Retired hockey pro, now living in Gates, still contributes to the game
By Todd Etshman
Like many retired players in the Buffalo Sabres organization, Ric Seiling made his way back to the area when his playing days were over.
The 60-year-old Gates resident played on some of the best Sabres’ teams as a forward from 1977 to 1986 before finishing his career in Detroit.
He and his wife, Leslie, raised four children. None followed their father into pro hockey, but brother Rod played 15 years in the National Hockey League.
The brothers grew up in the agricultural town of Elmira, Ontario, Canada, where their father owned winning racehorses. “I never grew up wanting to be a hockey player,” Seiling says. “I grew up wanting to train and ride racehorses.”
Seiling returned to his first love of racing horses “on the Buffalo and Batavia circuit” after retiring from hockey in the late ‘80s and early ‘90s before giving it up due to it being “too many hours and not enough return on the investment,” he explains.
Seiling was coaching in Tulsa in 2000 before moving to Rochester to pursue a career in banking and finance. Today, he’s a vice president in finance for M&T Bank. He also coached men’s minor pro in San Antonio, Glens Falls and Utica.
Why is a former major league player still working?
It’s because they didn’t make the kind of money players do today. “We’re the ones who got them to where they are today,” he says.
The 14th pick in the 1977 NHL draft, Seiling played over 800 games in the NHL and is still very much involved in the game today.
He’s been the color commentator on Rochester Americans home game broadcasts with play-by-play announcer Don Stevens since 2005 and coaches a women’s professional team, the Buffalo Beauts, of the National Women’s Hockey League.
“The play-by-play man tells you what happened while the color commentator tells you why it happened,” says Seiling, who also has some play-by-play experience with the Buffalo Junior Sabres in his versatile hockey background.
The color commentator job is a nice contrast from the world of banking and finance that isn’t far from Blue Cross Arena and a way for him to watch a game in peace and put his two cents in, he says.
Stevens “makes me sound more knowledgeable than I really am,” Seiling says. But Stevens has all the figures and statistics to cross-examine the analysis when he sees fit. “I just try to make it as entertaining as possible,” Seiling says.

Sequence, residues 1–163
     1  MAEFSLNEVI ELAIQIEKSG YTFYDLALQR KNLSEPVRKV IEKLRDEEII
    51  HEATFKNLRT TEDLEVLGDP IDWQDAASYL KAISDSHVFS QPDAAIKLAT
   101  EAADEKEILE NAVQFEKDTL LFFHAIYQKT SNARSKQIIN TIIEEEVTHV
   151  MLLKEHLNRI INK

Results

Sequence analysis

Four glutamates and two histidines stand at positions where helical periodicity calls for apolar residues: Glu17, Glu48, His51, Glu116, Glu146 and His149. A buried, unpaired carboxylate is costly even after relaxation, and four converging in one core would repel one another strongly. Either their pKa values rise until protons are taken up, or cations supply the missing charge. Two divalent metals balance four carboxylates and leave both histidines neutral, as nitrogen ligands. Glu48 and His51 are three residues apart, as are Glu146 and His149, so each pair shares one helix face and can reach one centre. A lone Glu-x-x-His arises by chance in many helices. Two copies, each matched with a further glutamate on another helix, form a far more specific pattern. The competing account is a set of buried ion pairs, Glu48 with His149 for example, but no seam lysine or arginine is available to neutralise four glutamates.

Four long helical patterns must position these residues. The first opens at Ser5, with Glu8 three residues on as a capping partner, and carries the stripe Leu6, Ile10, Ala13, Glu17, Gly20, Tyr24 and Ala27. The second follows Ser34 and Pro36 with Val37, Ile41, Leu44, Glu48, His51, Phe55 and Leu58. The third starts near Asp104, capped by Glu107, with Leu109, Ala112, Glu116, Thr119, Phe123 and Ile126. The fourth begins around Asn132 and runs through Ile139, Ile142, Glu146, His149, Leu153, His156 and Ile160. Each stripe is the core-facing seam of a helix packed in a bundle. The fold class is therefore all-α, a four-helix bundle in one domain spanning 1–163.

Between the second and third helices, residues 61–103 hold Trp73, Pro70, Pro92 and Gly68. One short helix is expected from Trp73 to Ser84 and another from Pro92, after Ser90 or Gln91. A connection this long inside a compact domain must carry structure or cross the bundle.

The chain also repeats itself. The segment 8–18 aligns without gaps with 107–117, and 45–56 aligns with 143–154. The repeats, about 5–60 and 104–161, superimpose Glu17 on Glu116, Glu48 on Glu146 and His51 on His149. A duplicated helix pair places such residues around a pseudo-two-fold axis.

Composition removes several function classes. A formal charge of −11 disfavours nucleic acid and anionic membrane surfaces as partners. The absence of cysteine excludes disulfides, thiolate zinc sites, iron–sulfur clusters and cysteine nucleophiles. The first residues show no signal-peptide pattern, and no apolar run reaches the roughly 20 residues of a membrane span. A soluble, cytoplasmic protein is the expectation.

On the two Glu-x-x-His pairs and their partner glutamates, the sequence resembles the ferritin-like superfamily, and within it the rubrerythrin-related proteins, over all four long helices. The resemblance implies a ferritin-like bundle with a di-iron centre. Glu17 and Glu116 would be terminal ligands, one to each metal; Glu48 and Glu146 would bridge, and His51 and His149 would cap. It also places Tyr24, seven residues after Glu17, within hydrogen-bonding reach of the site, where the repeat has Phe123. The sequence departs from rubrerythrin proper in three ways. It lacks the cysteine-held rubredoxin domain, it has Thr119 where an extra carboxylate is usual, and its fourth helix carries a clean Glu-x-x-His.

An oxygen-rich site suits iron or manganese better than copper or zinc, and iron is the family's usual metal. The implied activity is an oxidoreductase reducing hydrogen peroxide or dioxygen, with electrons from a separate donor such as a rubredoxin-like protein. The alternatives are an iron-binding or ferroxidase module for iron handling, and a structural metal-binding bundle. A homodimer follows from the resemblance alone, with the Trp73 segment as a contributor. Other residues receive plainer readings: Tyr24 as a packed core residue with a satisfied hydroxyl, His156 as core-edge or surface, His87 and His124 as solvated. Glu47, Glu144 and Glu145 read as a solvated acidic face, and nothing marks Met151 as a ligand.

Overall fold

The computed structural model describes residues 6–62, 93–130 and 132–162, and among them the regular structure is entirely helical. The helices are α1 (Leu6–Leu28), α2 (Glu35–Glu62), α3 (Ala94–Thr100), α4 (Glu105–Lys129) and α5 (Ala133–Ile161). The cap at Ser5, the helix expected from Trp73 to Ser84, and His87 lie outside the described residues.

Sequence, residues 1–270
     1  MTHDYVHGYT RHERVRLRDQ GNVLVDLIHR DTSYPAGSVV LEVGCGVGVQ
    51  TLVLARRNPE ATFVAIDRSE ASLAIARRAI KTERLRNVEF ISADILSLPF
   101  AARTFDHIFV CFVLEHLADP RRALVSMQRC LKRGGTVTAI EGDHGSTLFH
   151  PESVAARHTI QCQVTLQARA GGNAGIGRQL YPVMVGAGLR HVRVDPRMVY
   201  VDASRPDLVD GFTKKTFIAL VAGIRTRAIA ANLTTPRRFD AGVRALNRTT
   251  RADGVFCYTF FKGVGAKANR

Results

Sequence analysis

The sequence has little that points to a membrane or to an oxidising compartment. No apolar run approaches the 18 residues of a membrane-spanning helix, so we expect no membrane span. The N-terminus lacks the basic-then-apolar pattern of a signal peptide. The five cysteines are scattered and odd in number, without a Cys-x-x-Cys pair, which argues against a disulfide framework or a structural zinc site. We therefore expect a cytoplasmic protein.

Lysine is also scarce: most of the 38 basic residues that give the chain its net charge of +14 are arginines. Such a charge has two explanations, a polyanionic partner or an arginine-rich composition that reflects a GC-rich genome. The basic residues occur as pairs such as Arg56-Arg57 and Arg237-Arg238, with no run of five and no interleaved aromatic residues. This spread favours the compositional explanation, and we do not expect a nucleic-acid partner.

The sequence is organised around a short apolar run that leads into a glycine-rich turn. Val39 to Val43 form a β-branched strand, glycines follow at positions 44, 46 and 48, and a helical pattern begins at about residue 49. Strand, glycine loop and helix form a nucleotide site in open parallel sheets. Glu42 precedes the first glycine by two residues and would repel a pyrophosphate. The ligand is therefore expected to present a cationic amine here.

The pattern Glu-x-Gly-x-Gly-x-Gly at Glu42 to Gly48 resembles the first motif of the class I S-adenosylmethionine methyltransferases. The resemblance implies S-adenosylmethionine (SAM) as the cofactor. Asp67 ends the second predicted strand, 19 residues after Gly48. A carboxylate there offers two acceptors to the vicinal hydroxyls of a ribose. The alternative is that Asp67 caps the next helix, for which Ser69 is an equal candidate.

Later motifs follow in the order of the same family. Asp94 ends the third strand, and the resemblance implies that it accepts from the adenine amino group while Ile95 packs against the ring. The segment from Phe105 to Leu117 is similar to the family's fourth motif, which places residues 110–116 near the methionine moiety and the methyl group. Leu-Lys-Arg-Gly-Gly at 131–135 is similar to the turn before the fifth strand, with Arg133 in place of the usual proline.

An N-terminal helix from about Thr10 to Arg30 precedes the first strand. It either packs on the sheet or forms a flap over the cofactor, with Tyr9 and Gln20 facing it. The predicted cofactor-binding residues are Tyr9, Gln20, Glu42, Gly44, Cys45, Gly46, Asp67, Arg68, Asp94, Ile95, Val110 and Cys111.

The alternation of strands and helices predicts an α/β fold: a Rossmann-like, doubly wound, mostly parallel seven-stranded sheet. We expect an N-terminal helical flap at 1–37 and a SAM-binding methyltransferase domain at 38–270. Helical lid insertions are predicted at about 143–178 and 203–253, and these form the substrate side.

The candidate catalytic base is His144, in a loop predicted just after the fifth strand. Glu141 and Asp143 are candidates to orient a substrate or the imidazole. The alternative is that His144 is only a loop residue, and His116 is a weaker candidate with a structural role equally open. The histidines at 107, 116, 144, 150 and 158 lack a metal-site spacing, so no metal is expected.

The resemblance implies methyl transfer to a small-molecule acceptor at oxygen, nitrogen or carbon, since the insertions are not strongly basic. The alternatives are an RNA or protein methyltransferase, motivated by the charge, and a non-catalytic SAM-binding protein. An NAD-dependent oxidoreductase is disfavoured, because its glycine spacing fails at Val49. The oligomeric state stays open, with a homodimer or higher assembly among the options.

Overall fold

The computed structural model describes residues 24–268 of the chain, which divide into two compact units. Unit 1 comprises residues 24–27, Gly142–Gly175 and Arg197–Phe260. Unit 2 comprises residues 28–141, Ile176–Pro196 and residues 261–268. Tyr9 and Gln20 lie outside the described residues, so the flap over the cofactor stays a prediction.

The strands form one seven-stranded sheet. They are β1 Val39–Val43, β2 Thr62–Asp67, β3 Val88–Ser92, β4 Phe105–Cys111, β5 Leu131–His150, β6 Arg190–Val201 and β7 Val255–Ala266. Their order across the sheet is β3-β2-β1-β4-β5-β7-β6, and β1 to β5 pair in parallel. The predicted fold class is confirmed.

“He’s been an outstanding partner for the last dozen years,” says Stevens. “Ric is like the Energizer Bunny — he just never stops. I don’t know how he squeezes it all in.”
Seiling’s many activities include still playing recreationally, coaching and participating in charity and alumni events, along with his normal work schedule.
Fortunately this season, area fans can see the most entertaining Amerks team in years as they try to keep pace with the Toronto Marlies for first place in the Northern Division of the American Hockey League. Seiling says this year’s team led by head coach Chris Taylor has speedier defensemen and a more aggressive offense than they’ve had in recent years.
High hopes in Rochester
It’s not his job to get involved in stadium renovation and expansion, but the success of the new Harbor Center in revitalizing downtown Buffalo can’t be ignored as the Sabres and the city of Rochester look at the possibility of renovating Blue Cross Arena. The Sabres are the Amerks’ parent club.
Getting back to the playoffs would help, an achievement they haven’t made since 2014.
Seiling caught a stick in the eye that affected his sight but continued playing for years even though the injury left him sightless in his left eye. He was the first player in the game to wear a protective face shield full time, something opponents initially ridiculed him for, he says. Surgeries in recent years have proven successful in restoring sight in the eye.
Seiling tried coaching minor pro teams in Adirondack, Tulsa and Utica when his playing days ended at the tender age of 30.
Coaching both pro and younger men’s hockey players left him with bittersweet memories of the experience. “Why do coaches get fired? They’re the cheapest and easiest person to get rid of. I’m a teacher of the game not a motivator or a thinkologist,” he says.
But he finds teaching and coaching female players to be nothing but rewarding. Teaching is something female players seemed to embrace.
He started coaching girls at Ontario province hockey camps and found the experience more beneficial.
“They had a different learning curve (than boys). It felt like they wanted to know everything. They always listened and whatever you asked them to do, they tried to do it,” he says. He feels the same way about the Buffalo Beauts professional women’s team he coaches today.
He and the Beauts won the league’s second-year championship in 2017. The league has had some growing pains, but Seiling expects it to survive.
“If you haven’t seen the game at this level, you really need to,” he says of the female pros, some of who are from the Rochester area.
“We’ve got players that can shoot the puck 88 miles per hour, harder than half of the guys in the NHL,” he said.
Women’s hockey was the second-most watched Olympic sporting event at the 2014 games in Sochi, Russia, proving there is a taste for it with sports fans. “I think the league will make it. The Pegulas wouldn’t have bought into it otherwise,” he says.
For road games, the Beauts’ bus stops on the Thruway near Rochester for their coach and area players to join them on trips to play in Boston, New York and Connecticut.